Yoga in Action.

So much easier to snap a yoga pose picture and post on Instagram.

Let’s wrap up and look at the remaining 2 limbs. Meditation and Immersion.

Meditation is the moment when there is no effort in maintaining attention.

The popularity of the word adds to why it is easily overlooked. In reality that 99% of those who say they meditate, actually engage in concentration.

99% of people who meditate have to keep bringing their attention back to the object of their meditation.

Try and meditate right now. Just fall into a state of perfect presence without the disturbance of thoughts, breath, with hardly any physical activity.
Very few people have experienced sitting next to a person in meditation.

Surfing might be a better example to explore the difference between concentration and meditation.

Surfing, for anyone who tried or surfs, is another misnamed activity.

It should be called ‘body paddling with moments of standing.’
Surfing is a much sexier word.

Meditation is also a far sexier word than concentration.

You spend far more time paddling than you do standing and surfing.

When you “catch a wave” there is a distinct and unique experience that is very different than the paddling that was done to achieve the ride.

As much as riding a wave is a by-product of paddling, Meditation is a by-product of concentration. Meditation is a different experience than concentration. Like riding a wave is not the same experience as paddling.

The limb known as ‘Samadhi’ is even more elusive for the mind to understand. Samadhi is an experience beyond normal vocabulary. 

Let’s continue with the surfing metaphor for a moment.

Once you actually catch a ride, the longer it lasts, the longer we can experience the force behind the wave, and the connection the we have to this force (thanks for the board).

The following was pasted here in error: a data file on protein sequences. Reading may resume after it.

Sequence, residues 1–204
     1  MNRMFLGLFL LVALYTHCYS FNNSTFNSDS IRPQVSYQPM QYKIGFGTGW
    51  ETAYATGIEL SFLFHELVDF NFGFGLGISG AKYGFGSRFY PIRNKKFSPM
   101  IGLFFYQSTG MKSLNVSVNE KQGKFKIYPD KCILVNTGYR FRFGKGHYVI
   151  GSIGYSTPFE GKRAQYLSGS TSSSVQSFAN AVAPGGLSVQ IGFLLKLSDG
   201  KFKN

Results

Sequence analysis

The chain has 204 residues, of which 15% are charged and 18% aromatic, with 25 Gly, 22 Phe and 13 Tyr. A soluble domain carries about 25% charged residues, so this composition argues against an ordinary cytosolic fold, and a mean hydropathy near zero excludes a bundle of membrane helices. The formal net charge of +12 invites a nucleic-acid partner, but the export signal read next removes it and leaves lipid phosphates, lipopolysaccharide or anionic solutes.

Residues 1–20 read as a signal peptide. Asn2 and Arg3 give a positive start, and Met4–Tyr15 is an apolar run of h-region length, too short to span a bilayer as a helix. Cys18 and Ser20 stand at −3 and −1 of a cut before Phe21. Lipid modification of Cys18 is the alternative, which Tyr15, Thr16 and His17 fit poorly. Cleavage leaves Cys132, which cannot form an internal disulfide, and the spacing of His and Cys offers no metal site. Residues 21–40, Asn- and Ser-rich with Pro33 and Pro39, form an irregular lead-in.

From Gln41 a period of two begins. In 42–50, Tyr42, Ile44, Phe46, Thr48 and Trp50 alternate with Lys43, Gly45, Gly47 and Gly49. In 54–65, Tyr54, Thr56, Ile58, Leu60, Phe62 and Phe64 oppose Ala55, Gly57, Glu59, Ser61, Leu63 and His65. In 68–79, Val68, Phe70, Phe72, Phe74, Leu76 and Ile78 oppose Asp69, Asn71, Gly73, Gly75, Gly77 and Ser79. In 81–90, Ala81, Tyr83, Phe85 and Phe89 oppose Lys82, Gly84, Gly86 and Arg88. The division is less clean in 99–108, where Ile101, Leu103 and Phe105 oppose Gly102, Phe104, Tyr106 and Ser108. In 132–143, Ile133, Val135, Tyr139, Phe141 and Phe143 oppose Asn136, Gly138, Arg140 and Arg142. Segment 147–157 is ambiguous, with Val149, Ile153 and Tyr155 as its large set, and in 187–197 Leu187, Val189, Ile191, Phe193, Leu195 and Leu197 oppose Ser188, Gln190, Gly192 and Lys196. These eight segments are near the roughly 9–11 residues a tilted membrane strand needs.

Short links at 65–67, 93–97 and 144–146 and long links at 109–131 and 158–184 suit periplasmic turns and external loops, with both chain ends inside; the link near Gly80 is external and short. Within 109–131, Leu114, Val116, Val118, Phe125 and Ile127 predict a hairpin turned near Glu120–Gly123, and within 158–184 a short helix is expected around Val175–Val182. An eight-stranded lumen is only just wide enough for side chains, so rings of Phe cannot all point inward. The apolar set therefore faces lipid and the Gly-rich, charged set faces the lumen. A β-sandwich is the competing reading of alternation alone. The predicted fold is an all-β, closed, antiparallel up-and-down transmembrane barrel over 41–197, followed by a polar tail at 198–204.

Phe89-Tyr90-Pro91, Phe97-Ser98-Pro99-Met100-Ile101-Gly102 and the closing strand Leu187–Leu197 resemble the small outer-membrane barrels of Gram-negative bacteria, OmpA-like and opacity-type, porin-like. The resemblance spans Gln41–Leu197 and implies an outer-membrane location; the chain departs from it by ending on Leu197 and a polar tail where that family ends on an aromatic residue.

There is an undeniable sense of connection to something beyond yourself, to something that is “alive” and moving, that somehow you and this force are “one” together. This awareness is as real as the device you are holding and reading this article on.

While you can feel afraid (like when the wave is too powerful and you lose control), or empowered (as when you ride the wave all the way to the shore and are filled with a sense of glory), if you can keep this sense of connection that you experienced while riding the wave, or, to use yoga terminology, if you can keep the state of meditation while you walk, talk, basically live life, then you are in ‘samadhi.’

Which is described as the state of ultimate bliss. A state of no fear and total freedom. A state of compassion and generosity to any life that comes your way.

Or what Patanjali and any spiritual writing tries to describe in its core, the state of your pure existence, sometimes referred to as God, Goddess, Light, Energy, that which was never born, could never die, was always here, will always be here. That which existence appears and vanishes, only to appear again.

Yoga according to Patanjali is the effort to quiet our own inner distractions so we can relax as this existence that is always looking at its creation.
Knowing that is will be hard, knowing that removing the blinds from our own ‘Avidya’ required time and persistence, Patanjali described a way of looking at Yoga as a Body. With 8 limbs, and 10 fingers/toes.

It will take time to fully notice our fingers and toes, but as we continue to practice with our ‘yoga arms and legs’ we are bound to blossom fully in our Yoga Body.

As we observe our words and our actions, we can make them more true, and discover how to communicate about what is. After all, as an ancient Chinese proverb puts it: ‘what is, IS, and what is not, IS-NOT.’ And when your state is such that you are truthful, any action you take will be successful.

The first 4 limbs we mentioned you can find easily experience in any Yoga class, whether live or on Zoom.
With your understanding of the other 4 limbs, you can watch them bloom in you over the next few years of regular practice.

Look beyond your “yogic arms & legs”

Find your fingers and toes.

Your heart and your soul.

The place inside of you that is of Joy, Light, Love and Peace

That is the fruit of practice. That is why you hear the word ‘Namaste’ at the end of a yoga class.

And let’s be honest, if you are an A-list Hollywood actor or actress, you are famous.
Own it. Don’t lie to your kids. Let them discover how to talk honestly about what is.

You can go to Hollywood and be famous, or you could do Yoga you become a star. 

After all that is what you are.

Yoga in Action.